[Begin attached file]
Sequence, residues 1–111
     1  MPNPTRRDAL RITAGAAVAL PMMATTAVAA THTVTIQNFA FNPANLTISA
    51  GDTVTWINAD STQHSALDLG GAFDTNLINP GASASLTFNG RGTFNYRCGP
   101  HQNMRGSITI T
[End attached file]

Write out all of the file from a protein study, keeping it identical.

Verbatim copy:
Sequence, residues 1–111
     1  MPNPTRRDAL RITAGAAVAL PMMATTAVAA THTVTIQNFA FNPANLTISA
    51  GDTVTWINAD STQHSALDLG GAFDTNLINP GASASLTFNG RGTFNYRCGP
   101  HQNMRGSITI T